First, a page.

The Little Rock Campaign of 1863
In July of 1863, the Union Army under General Ulysses S.
Grant captured the Confederate stronghold of Vicksburg, Mississippi.
With the surrender of Vicksburg, Union forces
were then poised to invade the interior of Arkansas
and capture its capital city, Little
By the end of the month, Maj. Gen. Frederick Steele had
arrived at Helena to take command of all Federal
forces in Arkansas.
Steele and his officers then planned a campaign to move into the interior of
the state and strike at Little Rock.
In Little Rock,
responsibility for the defense of the city had passed to Maj. Gen. Sterling
Price commanded a small army of eight thousand men present
for duty. Price pronounced his troops to be "in excellent condition, full
of enthusiasm and eager to meet the enemy”, but he confessed in a letter to Lt.
General Kirby Smith that he "did not believe it would be possible for us
to hold it [Little Rock]
with the forces then under my command."
Despite his misgivings, Price set about devising a plan for
the capital's defense. He ordered the
cavalry of Brig. Gen. John Marmaduke and Brig. Gen. Lucius
M. Walker to observe and harass enemy movements and began the construction of a
defensive position composed of rifle pits and redoubts on the north side of the
Arkansas River about two-and-a-half miles
downstream from the city. This position faced eastward, bounded by a cypress
swamp on the left and the river on the right. Price believed that his only
chance of successfully defending Little
Rock lay in the possibility that the Union commander
would launch a straight frontal
against this fortified position.
On August 10th and 11th, Major General Steele sent six
thousand infantry, backed by sixteen pieces of artillery, west from Helena toward Clarendon on the White
River. There he would rendezvous with a like number of cavalry
moving south from Missouri
under Brig. Gen. John Davidson. Davidson reached Clarendon on August 8.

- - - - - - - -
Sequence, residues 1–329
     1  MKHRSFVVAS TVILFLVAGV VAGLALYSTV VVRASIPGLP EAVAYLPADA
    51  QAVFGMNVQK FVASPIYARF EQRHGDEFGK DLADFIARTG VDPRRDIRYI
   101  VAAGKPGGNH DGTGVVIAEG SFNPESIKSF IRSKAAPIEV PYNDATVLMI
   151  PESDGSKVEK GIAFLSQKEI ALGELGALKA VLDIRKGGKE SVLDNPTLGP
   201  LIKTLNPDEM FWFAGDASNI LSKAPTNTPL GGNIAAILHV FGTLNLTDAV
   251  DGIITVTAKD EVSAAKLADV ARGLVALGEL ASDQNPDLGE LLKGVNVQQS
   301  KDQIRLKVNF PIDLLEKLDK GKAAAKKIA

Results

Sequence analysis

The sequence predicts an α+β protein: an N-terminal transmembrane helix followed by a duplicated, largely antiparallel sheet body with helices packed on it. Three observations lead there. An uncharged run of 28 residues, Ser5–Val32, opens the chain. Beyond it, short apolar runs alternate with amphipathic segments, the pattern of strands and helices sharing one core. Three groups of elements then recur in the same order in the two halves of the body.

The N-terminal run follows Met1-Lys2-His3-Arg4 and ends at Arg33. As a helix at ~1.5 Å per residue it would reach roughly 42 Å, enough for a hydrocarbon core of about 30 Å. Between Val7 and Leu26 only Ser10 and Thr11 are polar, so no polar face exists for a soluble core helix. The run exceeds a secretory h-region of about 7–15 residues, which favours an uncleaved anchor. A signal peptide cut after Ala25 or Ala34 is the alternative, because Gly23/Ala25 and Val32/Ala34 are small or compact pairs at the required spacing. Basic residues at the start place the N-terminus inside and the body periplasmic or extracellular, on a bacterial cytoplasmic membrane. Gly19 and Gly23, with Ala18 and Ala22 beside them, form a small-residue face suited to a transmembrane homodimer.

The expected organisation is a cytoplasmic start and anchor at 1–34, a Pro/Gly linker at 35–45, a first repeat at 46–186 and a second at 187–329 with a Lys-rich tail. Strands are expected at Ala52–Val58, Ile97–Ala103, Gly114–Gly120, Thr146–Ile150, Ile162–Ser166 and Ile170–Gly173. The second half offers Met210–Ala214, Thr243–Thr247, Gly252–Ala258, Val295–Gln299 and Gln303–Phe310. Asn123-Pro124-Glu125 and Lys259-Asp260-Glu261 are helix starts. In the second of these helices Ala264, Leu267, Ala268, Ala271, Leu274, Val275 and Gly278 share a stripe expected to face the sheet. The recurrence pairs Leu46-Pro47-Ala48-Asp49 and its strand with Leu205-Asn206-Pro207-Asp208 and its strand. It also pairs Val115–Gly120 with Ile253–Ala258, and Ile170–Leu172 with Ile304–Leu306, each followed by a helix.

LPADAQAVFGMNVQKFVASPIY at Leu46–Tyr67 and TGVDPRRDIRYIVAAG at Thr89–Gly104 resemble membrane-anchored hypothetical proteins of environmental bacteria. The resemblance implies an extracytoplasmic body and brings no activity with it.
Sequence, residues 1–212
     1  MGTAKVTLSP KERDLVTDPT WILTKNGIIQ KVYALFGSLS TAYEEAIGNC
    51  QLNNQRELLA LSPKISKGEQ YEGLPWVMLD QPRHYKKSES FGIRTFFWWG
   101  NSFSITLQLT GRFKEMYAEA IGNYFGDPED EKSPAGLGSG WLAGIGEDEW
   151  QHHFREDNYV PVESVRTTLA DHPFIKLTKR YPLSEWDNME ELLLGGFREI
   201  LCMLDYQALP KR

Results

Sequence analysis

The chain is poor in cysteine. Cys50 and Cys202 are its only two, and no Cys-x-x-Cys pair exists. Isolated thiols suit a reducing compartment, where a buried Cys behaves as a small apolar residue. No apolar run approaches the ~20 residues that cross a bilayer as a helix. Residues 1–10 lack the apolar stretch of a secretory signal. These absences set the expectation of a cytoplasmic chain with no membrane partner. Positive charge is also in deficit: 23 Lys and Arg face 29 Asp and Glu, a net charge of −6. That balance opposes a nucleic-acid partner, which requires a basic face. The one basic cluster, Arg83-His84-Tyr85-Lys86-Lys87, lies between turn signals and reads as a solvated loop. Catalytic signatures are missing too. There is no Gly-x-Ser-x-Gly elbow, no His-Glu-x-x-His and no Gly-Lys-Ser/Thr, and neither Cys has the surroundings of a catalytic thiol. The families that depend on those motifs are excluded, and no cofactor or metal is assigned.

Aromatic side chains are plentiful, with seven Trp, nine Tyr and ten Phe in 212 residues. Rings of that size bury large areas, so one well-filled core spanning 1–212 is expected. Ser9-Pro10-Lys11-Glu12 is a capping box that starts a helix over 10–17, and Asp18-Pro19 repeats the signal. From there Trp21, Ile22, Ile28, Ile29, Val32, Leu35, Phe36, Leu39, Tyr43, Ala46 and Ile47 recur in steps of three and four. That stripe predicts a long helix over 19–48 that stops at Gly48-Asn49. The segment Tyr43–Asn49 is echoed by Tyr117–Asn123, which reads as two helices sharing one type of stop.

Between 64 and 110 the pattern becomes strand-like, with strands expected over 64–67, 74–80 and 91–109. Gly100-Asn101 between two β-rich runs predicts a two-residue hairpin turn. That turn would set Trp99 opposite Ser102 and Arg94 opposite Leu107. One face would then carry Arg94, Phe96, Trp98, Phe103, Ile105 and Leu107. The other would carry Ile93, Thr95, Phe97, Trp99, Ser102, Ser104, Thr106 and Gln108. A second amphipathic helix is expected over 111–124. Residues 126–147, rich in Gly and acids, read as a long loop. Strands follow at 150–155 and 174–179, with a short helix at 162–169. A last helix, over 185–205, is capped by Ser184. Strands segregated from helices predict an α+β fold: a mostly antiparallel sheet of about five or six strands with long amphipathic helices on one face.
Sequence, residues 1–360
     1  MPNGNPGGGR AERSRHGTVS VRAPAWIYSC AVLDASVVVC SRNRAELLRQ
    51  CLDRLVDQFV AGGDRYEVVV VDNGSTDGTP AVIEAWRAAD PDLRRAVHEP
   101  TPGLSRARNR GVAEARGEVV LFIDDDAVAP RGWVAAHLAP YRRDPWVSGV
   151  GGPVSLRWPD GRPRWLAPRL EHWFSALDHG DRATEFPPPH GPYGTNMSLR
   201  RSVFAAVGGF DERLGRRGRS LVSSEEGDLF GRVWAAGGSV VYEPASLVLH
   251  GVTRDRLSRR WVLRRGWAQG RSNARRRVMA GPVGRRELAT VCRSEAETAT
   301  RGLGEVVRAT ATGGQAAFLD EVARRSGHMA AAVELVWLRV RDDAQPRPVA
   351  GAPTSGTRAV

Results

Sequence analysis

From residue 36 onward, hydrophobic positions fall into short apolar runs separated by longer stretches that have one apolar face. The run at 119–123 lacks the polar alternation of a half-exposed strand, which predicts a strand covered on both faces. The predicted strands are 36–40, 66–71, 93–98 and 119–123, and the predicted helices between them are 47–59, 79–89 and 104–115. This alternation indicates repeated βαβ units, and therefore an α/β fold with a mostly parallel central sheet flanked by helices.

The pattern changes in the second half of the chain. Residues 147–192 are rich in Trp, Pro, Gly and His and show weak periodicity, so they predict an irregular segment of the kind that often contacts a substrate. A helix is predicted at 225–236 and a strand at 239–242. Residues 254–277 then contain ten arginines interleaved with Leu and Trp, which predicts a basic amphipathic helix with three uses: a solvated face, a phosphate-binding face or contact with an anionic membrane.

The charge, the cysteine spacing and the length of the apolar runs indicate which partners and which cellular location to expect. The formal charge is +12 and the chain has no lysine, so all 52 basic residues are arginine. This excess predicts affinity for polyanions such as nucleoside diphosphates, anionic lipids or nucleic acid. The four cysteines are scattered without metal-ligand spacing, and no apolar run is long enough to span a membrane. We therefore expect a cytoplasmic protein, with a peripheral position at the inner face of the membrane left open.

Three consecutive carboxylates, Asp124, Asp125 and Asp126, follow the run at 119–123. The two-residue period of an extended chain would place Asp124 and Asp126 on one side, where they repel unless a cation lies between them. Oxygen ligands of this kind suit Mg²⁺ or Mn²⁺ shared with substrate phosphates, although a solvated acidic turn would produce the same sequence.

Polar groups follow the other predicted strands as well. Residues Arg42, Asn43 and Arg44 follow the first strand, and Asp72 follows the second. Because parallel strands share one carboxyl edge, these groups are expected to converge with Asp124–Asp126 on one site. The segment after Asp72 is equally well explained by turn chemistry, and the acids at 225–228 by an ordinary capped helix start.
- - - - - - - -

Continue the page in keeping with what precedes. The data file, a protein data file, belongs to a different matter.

On August 23, Price ordered Marmaduke to join forces with Walker at Brownsville along
the major overland approach to Little
Rock. Since Walker was
the senior officer, he was Marmaduke's superior; however, the two officers had
been feuding since an earlier engagement at Helena.
At sunrise on August 25, advance elements of Davidson's
cavalry collided with Marmaduke's thirteen hundred horsemen near Brownsville. Outnumbered
four to one in men and eight to one in artillery, Marmaduke could not hope to
defeat the Federals, but the Missourian gave ground grudgingly before retiring
from the field.
He formed a new battle line six miles west of the town, and
there he temporarily halted the Union advance. On August 26, Price ordered
Walker and Marmaduke to withdraw to Bayou Meto, a sluggish stream running east
of the capital, and to "hold it as long as possible”.
November 27, 2007 - Clem Papineau
December – No Meeting in December
January 22 -- Connie Langum
Wilson's Creek National Battlefield
The Wound Has Never Healed
Recruiting Black Regiments
August 26 – Dr. Michael B. Dougan
Christian missionaries and Indians -- slavery and
We Who Study
Must Also Strive To Save!
BUSINESS AT THE MEETING
With the 150th Anniversary of the Civil War
looming in the future, moving of the David O. Dodd marker is again up for
The stone marker memorializes the site of Dodd’s hanging.
After that actual site became an Interstate
Highway, the market was moved to its current site.
After the UALR Law School
acquired the property and landscaped the area of the Dodd monument. That area
now sites directly behind the stone marker for the Law School.
Through the fence -
the Dodd Monument.
Perhaps a little background on efforts to move the Dodd
marker will be beneficial. Three years ago, some folks approached Steve Mcateer
about the possibility of moving the marker from its current location. They
felt the publicity surrounding the museum's acquisition of the Dodd window on
loan from the Museum of the Confederacy would renew interest in the Dodd
story. They also felt the current location was not visible or
accessible. We contacted those involved with the marker to solicit their
The UALR law school is willing to relocate the marker, but
only if it is removed from the law school grounds. The next likely
setting was MacArthur
Park, where it could be
accessible and visible to those who use the park. As with any monument in
a public setting, there is always the risk of vandalism. A few years ago,
the museum took the lead in raising $35,000 to conserve the Capitol Guard
memorial in front of the Arsenal
In 2004, Bryan Day, then Parks Director, was willing to
allow the Dodd marker to be moved to Parks ground surrounding the old parade
grounds behind the Arsenal
Building. Some felt
that was not the best location and the efforts were dropped. The Parks
Department may not be willing to relocate the marker if a fence were erected
around it. Issues of mowing-ease, cost, and maintenance come to
mind. A plaque needs to be placed with the marker (whether it stays put
or is moved to a new location) to correct the perception that its current
location marks the actual site where Dodd was hanged. The cost of the